Potomac Center employees protest

February 27, 2001

Potomac Center employees protest


photo: JOE CROCETTA / staff photographer

Potomac Center protestNearly 80 Potomac Center employees and regional union members rallied Tuesday, protesting shift changes and what they said they viewed as the center's disregard for worker seniority.


The center's 70 to 80 union employees have been working under a two-year contract that went into effect in June 2000, said Freda Forrest, president of the Central Maryland American Federation of State, County and Municipal Employees Local 354.

Union members don't like the manner in which shift changes are being implemented, she said. Management uses shift changes to retaliate against workers who complain, which hurts the center's clients, she said.


The state-funded Potomac Center is a residential facility on Marshall Street that provides daily care for about 80 mentally disabled clients, Forrest said.

Karen Post, Western Regional Director for the Developmentally Disabled Administration, said she and a Potomac Center administrator have met with union representatives and were willing to continue talks.

She said the plan was to discuss establishing a criteria for implementing future shift changes at a meeting with union members scheduled for March 9.

Post said employees could express their concerns at that meeting.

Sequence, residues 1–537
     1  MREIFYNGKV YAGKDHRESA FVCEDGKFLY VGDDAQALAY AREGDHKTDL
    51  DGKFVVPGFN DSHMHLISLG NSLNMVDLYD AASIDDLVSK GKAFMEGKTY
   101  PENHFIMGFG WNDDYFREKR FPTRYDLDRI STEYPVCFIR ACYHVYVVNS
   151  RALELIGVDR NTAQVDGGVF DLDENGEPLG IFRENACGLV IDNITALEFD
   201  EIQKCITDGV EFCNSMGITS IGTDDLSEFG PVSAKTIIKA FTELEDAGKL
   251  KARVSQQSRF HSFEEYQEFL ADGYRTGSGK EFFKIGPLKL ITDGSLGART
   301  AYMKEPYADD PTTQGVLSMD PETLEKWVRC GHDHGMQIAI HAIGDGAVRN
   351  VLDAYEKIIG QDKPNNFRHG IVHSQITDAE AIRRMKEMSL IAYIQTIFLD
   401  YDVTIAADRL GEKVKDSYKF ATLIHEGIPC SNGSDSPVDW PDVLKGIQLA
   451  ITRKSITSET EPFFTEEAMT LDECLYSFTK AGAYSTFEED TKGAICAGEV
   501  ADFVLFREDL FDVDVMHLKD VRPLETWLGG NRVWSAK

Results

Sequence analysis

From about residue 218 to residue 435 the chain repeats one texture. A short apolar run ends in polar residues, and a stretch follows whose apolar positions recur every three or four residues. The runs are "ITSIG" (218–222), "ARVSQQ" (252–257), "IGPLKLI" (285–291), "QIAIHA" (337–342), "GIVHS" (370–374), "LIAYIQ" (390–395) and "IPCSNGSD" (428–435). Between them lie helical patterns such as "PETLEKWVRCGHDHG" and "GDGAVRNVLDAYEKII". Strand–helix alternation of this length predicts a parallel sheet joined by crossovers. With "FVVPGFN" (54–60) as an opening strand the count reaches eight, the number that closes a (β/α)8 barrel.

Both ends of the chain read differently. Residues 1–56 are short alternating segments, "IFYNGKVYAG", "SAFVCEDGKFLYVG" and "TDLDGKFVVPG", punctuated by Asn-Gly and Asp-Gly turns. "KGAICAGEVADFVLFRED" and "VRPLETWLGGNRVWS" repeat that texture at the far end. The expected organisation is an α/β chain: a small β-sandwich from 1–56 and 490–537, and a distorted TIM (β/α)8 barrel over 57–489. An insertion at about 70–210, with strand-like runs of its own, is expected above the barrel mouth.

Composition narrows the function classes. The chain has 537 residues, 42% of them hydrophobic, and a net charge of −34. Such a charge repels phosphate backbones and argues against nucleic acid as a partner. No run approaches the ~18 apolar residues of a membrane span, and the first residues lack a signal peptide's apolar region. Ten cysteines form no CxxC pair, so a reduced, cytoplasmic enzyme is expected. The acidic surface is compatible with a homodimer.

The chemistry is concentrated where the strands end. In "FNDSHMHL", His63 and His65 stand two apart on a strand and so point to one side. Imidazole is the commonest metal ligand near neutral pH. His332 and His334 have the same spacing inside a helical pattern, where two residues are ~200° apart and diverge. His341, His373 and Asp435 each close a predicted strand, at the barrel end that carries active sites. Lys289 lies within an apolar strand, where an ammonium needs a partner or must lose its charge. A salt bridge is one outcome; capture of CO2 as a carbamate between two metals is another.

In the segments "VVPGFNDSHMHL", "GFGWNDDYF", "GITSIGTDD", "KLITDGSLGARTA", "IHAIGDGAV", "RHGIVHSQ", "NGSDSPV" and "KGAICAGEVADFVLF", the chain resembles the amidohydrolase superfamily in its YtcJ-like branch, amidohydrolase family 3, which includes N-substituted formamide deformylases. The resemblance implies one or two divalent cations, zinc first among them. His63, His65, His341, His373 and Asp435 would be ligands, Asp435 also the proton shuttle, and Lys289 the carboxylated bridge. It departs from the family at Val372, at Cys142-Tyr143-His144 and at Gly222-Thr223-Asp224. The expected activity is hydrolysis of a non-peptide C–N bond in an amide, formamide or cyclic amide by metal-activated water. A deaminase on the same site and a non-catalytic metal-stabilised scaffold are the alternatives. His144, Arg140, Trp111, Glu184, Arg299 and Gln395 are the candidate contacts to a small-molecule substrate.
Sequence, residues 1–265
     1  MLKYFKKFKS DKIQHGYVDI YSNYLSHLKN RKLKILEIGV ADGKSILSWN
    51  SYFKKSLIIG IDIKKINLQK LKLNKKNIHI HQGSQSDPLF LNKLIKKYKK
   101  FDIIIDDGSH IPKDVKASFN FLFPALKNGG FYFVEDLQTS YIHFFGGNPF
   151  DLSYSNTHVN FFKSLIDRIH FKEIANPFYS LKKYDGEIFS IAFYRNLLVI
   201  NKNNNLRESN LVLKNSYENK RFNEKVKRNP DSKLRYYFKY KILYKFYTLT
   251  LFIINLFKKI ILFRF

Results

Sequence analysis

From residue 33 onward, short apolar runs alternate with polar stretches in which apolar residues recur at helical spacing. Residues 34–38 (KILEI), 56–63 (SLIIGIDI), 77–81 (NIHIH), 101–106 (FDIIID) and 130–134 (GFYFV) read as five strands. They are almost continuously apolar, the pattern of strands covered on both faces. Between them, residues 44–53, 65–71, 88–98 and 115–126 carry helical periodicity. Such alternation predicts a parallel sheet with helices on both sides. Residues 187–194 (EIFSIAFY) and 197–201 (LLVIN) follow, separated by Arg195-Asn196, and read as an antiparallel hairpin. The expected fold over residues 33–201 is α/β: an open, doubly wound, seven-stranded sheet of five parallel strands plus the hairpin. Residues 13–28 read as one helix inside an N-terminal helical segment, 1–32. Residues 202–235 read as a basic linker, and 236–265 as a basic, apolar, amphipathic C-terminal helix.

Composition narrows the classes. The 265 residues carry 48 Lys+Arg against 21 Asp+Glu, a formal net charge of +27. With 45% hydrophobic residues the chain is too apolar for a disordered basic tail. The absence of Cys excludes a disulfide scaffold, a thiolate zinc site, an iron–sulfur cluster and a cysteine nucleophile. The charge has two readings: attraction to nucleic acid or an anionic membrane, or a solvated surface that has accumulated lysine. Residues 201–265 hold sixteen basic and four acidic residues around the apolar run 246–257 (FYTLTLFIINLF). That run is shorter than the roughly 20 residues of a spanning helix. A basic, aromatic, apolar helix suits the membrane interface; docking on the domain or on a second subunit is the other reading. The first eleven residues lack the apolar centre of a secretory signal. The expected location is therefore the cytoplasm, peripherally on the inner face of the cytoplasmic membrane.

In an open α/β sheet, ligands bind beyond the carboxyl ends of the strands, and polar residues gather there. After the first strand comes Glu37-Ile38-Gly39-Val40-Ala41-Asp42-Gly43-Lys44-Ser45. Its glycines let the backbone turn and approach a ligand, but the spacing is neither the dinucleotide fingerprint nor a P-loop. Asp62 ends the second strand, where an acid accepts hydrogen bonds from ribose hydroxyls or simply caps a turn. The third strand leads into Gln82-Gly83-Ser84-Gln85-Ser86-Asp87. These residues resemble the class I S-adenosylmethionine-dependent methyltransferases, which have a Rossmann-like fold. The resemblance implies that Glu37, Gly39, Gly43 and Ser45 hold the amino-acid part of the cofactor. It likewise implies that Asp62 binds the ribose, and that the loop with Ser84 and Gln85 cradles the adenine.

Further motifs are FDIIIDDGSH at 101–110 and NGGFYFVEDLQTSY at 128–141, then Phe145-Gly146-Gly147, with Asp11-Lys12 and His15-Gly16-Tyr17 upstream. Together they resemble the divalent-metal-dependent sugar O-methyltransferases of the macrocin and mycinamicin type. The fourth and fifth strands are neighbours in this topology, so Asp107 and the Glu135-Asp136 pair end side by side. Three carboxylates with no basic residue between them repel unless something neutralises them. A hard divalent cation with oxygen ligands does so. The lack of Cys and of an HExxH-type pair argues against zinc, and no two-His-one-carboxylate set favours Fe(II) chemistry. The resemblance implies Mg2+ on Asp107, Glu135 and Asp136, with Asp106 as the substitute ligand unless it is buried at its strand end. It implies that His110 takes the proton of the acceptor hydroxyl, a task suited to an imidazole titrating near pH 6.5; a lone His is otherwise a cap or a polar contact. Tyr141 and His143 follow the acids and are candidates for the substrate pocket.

"Our first concern is meeting the needs of the clients and we recognize that the employees are a key part in meeting those needs," said Post.

Forrest said clients grow accustomed to their caregivers and can become distraught at the prospect of change.

"We become their family," said Forrest, a 22-year employee at the Center.

The union members also are tired of relatively new hires being picked for jobs over long-term employees in good standing, she said.

Tammy Shatzer, who has worked at the Potomac Center for 12 years, she said was frustrated at being passed over for a promotion in favor of a two-year employee.

Shatzer of Chambersburg, Pa., wore a placard that stated: "We are not here just for a paycheck. We're here because we care. Why don't you?"

Long-term employee Linda Capouellez of State Line, Pa., said she has an excellent work record but was passed over when she applied for a position for which she said she was qualified. A two-year employee got the position and Capouellez was never given an explanation, she said.

Potomac Center employees were joined by members of the United Steelworkers, United Autoworkers, and AFSME who shouted "No voice, no choice" as they marched around the grounds of the center.

Most wore placards expressing concerns about patients and seniority. "Stop putting people at risk with the stroke of a pen," one sign read.

One union worker brought a dog that wore a sign that proclaimed: "Even senior dogs have rights."

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